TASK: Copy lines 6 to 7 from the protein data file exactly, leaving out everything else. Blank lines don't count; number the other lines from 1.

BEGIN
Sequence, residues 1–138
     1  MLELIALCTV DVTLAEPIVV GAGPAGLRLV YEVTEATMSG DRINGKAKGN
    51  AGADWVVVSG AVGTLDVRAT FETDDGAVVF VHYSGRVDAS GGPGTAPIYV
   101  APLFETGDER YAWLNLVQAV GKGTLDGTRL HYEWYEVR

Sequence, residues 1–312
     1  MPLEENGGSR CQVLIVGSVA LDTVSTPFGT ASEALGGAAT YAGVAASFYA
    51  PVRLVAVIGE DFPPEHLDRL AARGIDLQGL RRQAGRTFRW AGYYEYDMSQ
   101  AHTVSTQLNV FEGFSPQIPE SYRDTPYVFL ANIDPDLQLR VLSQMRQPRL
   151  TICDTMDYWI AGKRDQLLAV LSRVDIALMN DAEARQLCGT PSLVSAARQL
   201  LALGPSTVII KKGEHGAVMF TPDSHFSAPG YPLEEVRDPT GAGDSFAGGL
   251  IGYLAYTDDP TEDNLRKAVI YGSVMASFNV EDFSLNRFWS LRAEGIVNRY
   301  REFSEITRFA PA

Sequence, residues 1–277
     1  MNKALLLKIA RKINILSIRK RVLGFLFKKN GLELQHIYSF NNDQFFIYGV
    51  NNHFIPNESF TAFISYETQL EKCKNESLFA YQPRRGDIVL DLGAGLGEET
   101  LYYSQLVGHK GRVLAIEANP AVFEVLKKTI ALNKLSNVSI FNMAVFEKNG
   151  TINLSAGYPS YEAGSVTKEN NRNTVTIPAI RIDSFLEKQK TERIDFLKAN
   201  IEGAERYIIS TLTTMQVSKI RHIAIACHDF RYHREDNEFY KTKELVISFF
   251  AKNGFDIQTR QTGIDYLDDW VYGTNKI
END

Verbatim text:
     1  MPLEENGGSR CQVLIVGSVA LDTVSTPFGT ASEALGGAAT YAGVAASFYA
    51  PVRLVAVIGE DFPPEHLDRL AARGIDLQGL RRQAGRTFRW AGYYEYDMSQ